**Exercise
for Chapter 6: Centrality**

*Answers*

**Exercise 1**

(a) Calculate
**Degree
centrality** scores of each node in the network above, and complete the
table below.

**Degree centrality of a node refers
to the number of edges attached to the node. In order to know the
standardized score, you need to divide each score by n-1 (n = the number
of nodes). Since the graph has 7 nodes, 6 (7-1) is the denominator
for this question.**

**Degree Centrality**

Node |
Score |
Standardized
Score |

1 |
1 |
1/6 |

2 |
1 |
1/6 |

3 |
3 |
3/6 =
1/2 |

4 |
2 |
2/6 = 1/3 |

5 |
3 |
3/6 =
1/2 |

6 |
2 |
2/6
= 1/3 |

7 |
2 |
2/6 =
1/3 |

(b) Calculate
**Closeness
centrality** scores of each node in the network above, and complete the
table below. (*Do not forget to take inverse*.)

**You need to calculate the inverted
score after you count the total number of steps to a node. In order
to know the standardized score, you need to divide a score by (n-1), then
take inverse. Note that the most central node is node 4 while the
most central node for degree centrality is node 3 and 5.**

**Closeness Centrality**

Node |
Score |
Standardized
Score |

1 |
1/16 |
6/16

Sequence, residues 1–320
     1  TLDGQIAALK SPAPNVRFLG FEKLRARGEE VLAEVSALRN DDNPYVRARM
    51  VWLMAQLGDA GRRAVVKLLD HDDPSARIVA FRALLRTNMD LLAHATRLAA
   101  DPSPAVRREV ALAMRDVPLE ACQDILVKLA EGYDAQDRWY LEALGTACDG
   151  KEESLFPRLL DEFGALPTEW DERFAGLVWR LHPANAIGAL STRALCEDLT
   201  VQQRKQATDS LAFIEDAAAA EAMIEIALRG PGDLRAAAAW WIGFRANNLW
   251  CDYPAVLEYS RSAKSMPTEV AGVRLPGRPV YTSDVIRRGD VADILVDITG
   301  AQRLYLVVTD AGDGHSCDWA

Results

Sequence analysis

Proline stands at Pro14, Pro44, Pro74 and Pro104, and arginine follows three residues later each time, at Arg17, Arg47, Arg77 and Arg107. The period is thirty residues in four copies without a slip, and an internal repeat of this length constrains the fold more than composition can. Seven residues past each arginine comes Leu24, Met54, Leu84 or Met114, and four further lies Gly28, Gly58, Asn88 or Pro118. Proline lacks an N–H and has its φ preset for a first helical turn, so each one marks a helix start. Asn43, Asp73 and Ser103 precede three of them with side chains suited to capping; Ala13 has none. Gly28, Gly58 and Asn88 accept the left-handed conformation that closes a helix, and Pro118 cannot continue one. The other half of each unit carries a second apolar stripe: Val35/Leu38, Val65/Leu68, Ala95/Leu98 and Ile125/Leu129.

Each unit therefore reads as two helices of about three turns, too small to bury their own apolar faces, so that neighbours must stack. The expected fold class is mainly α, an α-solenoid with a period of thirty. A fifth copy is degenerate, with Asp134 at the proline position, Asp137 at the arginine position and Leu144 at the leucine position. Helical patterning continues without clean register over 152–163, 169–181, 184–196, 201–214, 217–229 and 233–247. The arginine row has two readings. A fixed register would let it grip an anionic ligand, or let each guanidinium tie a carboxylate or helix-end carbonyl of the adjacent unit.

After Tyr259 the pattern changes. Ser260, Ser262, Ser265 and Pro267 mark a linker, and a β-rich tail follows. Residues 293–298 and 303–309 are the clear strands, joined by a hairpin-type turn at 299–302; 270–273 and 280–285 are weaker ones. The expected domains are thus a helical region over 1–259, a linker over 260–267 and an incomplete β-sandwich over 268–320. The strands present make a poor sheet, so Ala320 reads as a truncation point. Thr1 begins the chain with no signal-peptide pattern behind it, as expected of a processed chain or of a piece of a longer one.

= 3/8 |

2 |
1/16 |
6/16
= 3/8 |

3 |
1/11 |
6/11 |

4 |
1/10 |
6/10
= 3/5 |

5 |
1/11 |
6/11 |

6 |
1/15 |
6/15
= 2/5 |

7 |
1/15 |
6/15
= 2/5 |

(c) Calculate
**Betweenness
centrality** scores of each node in the network above, and complete the
table below.

**To calculate betweenness centrality,
you take every pair of the network and count how many times a node can
interrupt the shortest paths (geodesic distance) between the two nodes
of the pair. For standardization, I note that the denominator is (n-1)(n-2)/2.
For this network, (7-1)(7-2)/2 = 15. Note that node 5 has a little
smaller centrality score that node 3 and 4 because the connection between
node 6 and 7 reduces the controllability of node 5.**

**Betweenness Centrality**

Node |
Score |
Standardized
Score |

1 |
0 |
0 |

2 |
0 |
0 |

3 |
16/3 |
16/45 |

4 |
13/3 |
13/45 |

5 |
13/3 |
13/45 |

6 |
0 |
0 |

7 |
0 |
0 |

**On the following questions (d),
(e), and (f), you need to remember the lecture by**
**Motoki. You should read
the brief summary of each centrality on your notes. (I wrote it at the